UNSW’s Medicine & Health research directly changes health policy and practice to meaningfully improve health and wellbeing through collaboration and engagement.
Our research is striking in terms of its impact and breadth. Our point of difference is understanding the fundamental mechanisms and drivers of poor health, particularly in marginalised and underrepresented communities. Through our research, we've been able to directly influence health policy and practice, as well as improve health and wellbeing. It's our commitment to collaboration, excellence, community engagement, and impact that drives our research.
Our core research excellence is organised by themes designed to deliver meaningful impact—they're areas where we excel in advancing medicine and health, not only eliminating health disparities but also fostering social wellbeing. We make a difference in everyday lives affected by:
Our research also excels in genomics and genetics, data analytics, information and medical technologies.
We develop innovative approaches to broader engagement in research practices that generate change including strengthening our biomedical and molecular sciences, developing greater connections to allied health disciplines, engaging in population health research that addresses greatest need.
UNSW Medicine & Health Clinical Research Unit recently appointed Dr Parisa Glass as the inaugural Operations Director. Over the next 7 months, the CRU will commence planning and implementation of processes with the aim to facilitate high impact academic clinical trials at UNSW.
The Unit will work in partnership with existing services within UNSW Medicine & Health and will coordinate infrastructure and expertise from across UNSW and affiliate networks. Over time, the platform of services provided through CRU will include academic support which will assist with developing high-quality research proposals followed by operational support for delivery of clinical trials.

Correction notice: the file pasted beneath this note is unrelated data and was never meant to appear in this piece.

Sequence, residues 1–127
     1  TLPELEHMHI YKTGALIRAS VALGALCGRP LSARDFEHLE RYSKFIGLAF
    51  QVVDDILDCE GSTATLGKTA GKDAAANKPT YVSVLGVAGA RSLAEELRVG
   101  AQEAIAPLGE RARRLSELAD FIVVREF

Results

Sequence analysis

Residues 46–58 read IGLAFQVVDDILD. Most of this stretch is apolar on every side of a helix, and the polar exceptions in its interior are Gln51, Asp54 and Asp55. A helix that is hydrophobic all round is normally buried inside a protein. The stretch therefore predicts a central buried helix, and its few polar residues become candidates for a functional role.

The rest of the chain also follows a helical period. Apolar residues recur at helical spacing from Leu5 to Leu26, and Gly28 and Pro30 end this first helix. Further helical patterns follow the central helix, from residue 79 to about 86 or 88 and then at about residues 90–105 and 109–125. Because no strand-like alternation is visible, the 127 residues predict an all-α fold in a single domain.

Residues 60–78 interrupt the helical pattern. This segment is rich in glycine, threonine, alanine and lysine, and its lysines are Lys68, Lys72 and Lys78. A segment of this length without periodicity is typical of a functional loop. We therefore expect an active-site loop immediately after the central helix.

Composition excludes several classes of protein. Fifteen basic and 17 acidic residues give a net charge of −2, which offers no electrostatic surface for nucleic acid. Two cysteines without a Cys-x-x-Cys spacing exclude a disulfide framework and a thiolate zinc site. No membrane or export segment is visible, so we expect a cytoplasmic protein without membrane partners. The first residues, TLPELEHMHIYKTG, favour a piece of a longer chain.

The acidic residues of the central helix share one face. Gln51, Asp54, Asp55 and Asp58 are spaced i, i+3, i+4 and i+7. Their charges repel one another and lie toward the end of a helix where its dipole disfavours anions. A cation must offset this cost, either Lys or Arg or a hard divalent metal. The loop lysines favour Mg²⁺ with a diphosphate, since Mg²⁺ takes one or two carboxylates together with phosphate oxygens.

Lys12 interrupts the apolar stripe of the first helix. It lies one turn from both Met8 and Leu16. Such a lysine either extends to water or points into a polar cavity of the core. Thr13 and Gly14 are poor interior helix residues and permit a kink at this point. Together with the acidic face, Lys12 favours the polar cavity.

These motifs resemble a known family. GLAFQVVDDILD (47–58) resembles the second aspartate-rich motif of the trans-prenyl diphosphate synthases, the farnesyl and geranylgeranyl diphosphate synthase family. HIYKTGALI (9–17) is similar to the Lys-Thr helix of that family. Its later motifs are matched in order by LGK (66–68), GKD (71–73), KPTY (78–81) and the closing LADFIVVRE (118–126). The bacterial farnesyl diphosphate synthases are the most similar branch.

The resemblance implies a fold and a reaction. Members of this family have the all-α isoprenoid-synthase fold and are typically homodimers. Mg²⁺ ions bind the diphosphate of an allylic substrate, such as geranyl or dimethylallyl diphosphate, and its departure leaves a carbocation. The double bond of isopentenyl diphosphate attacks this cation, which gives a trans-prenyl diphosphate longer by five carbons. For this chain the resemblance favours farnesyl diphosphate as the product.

Our new Health Systems Research Theme’s mission is to develop and implement high-quality evidence to improve individual and population health for Australians and the global community, regardless of socioeconomic position. Its aims are to identify and respond to significant challenges that will improve the quality, efficiency, equity and value of health care; and to develop, implement and evaluate responses to these challenges. This Theme is led by Professor Sallie Pearson, Professor of Health Systems, a pharmacoepidemiologist and health service researcher with 20 years’ experience in quality use of medicines research.
We are also creating a new UNSW Centre for Future Health Systems with the support of a multi-million-dollar grant from the Ian Potter Foundation. The Centre will lead to transformational change of the Australian health system which is still stuck with historical and often out-dated practices. We want our health system to better serve Australian communities in the 21st century. It’s a complex undertaking that requires an interdisciplinary approach which includes the health sector as well as experts in law, business, education, economics, engineering and data.
The new Centre will see UNSW collaborate with clinicians, local health districts, industry, government, academic institutions and, importantly, the Australian community. It will identify key areas of reform to design and deliver solutions that will improve the performance of all aspects of the national healthcare system. The focus of the Centre will include everything from hospital payment systems and clinician training to the swift and efficient delivery of new therapeutics and treatments.